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There’s a fair amount of controversy right now about what the most optimal diet is for people in general.  Paleo.  Ketogenic.  Whole 30.  What’s the right one?
Start asking about diets that are best for special needs and your head may start hurting.  While there is good quality research for certain conditions such as a Ketogenic diet for seizures and a diet rich in Zinc and Magnesium to minimize risk for depression, the data for other conditions can be mixed.
Take Autism for example, while Gluten free or Gluten free Casein free diets are popular with a fair amount of anecdotal evidence, some main stream research trials report little benefit.  Omega 3 fatty acids for a variety of cognitive concerns is thought to be very helpful, but the best form to take them in still raises questions.  Let’s be honest, are you or your kids really going to consume the recommended amount of krill, mackerel, or salmon every single day?
So, what’s the best diet for you or your child?   Well, I actually have an answer for you.  It’s what works best for your individual situation.  If you have a child who subsists off breaded chicken nuggets and fries only, and struggles to eat just about anything else because of their restrictive eating pattern, I wish you the best with a sudden change to Gluten free or Ketogenic (can you say tantrum with a capital T?)  What about those with multiple allergies or other medical problems that further complicate the picture?
When I was in school I was taught anytime we were starting with a new medication, we had to start low and go slow.  Then we had to be patient, both with the patient (pun intended) and the medicine.   When we’re talking about diet and nutrition changes, this is just as true.  Three months is the typical time for any nutrition trial to take optimal effect due to number of cascades and downstream changes that take place in the brain.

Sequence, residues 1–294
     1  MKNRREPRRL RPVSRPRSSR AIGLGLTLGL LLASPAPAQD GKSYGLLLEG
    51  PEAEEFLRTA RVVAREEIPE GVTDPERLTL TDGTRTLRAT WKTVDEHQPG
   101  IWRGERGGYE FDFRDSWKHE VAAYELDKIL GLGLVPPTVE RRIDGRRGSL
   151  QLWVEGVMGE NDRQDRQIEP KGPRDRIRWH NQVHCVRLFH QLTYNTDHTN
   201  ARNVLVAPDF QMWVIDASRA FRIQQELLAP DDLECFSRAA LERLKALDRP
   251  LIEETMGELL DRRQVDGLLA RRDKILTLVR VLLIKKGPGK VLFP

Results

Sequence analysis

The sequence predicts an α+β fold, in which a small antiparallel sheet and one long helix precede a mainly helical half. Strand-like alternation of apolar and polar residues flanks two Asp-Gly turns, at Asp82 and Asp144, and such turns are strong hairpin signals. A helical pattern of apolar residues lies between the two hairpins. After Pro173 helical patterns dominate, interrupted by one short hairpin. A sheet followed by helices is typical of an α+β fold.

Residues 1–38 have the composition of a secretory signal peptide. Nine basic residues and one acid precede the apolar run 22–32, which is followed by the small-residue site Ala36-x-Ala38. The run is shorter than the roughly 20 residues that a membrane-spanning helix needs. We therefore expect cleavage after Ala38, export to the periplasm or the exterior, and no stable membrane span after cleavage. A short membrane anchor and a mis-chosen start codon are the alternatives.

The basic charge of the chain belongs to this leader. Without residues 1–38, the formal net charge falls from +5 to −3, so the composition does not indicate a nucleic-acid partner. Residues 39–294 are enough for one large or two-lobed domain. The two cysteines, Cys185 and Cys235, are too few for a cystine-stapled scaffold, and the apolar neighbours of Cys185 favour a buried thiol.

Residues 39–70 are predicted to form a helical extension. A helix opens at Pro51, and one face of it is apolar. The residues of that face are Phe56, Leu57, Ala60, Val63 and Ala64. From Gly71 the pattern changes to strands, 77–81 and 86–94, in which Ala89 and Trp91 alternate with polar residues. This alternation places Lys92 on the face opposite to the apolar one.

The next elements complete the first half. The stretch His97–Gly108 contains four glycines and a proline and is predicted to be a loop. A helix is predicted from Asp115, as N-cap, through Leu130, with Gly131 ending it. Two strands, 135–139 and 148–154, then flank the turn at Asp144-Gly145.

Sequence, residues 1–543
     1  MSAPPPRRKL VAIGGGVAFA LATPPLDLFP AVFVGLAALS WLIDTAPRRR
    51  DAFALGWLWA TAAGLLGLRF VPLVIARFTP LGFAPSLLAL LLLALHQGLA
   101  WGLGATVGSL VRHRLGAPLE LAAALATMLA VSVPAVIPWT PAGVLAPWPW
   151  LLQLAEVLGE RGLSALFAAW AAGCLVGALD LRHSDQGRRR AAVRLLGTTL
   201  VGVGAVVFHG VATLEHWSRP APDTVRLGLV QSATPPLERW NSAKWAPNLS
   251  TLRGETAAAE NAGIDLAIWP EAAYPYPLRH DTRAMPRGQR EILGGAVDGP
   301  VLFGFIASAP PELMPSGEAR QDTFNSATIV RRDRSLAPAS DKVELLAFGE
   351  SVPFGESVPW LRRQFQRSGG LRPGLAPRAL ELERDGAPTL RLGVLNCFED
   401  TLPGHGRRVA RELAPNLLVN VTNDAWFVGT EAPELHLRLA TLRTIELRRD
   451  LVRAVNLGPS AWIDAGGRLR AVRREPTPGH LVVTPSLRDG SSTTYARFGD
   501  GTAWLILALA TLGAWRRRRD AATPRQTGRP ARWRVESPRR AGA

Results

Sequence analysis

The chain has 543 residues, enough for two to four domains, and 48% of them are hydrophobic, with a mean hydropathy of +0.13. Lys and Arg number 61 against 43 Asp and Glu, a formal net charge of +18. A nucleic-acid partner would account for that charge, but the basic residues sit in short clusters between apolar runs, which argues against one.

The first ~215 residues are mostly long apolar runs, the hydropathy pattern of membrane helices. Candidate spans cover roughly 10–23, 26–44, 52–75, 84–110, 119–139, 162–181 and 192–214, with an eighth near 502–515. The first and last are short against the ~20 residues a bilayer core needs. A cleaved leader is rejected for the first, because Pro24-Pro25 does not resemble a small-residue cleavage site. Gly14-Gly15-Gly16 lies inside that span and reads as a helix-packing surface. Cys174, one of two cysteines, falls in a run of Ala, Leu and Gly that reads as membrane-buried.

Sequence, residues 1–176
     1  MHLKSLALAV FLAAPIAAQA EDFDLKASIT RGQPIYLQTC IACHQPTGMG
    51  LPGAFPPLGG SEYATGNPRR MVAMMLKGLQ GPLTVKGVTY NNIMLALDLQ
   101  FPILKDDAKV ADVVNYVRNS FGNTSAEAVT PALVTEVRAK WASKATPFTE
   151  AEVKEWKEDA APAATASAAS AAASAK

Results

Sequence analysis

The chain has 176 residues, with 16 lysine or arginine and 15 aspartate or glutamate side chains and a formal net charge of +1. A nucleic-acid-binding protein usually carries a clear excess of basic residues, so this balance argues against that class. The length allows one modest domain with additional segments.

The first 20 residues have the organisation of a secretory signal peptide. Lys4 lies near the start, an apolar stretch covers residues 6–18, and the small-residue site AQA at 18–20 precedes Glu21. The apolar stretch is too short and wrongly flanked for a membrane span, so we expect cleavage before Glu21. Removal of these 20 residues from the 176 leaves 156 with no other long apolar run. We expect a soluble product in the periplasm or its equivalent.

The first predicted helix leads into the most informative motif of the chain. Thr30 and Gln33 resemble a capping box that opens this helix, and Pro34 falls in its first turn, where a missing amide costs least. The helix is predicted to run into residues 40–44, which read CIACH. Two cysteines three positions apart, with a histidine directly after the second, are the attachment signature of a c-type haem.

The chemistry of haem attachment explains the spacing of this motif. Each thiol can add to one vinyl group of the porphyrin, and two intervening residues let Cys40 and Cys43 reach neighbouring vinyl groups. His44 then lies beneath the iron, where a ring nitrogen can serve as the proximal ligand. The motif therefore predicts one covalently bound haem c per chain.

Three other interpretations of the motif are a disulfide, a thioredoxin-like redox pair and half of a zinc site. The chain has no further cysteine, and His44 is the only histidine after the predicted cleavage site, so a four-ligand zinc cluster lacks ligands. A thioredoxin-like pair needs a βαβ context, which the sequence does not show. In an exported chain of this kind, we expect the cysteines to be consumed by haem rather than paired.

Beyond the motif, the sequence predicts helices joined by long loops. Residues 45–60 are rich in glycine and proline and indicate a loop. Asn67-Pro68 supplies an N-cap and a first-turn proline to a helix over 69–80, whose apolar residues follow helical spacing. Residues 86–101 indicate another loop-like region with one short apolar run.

Resist the urge to go with every new food fad.  It may be popular this year but with three to five more years of research, it’s likely to change.  That’s because studies take time and we are learning new things all the time – that’s a good thing.  But don’t be discouraged when you hear that what was helpful five years ago is no longer being tauted as helpful now.  I tend to stick with things that have been around for centuries that are known to be helpful to the entire body.  Things that are closest to the natural source are usually best.   If natural substances used for thousands of years have been good enough to maintain the health of entire civilizations, it’s probably going to be pretty good for you and your child – if you can get them to eat it.
(More on helping your picky eater tomorrow 🙂

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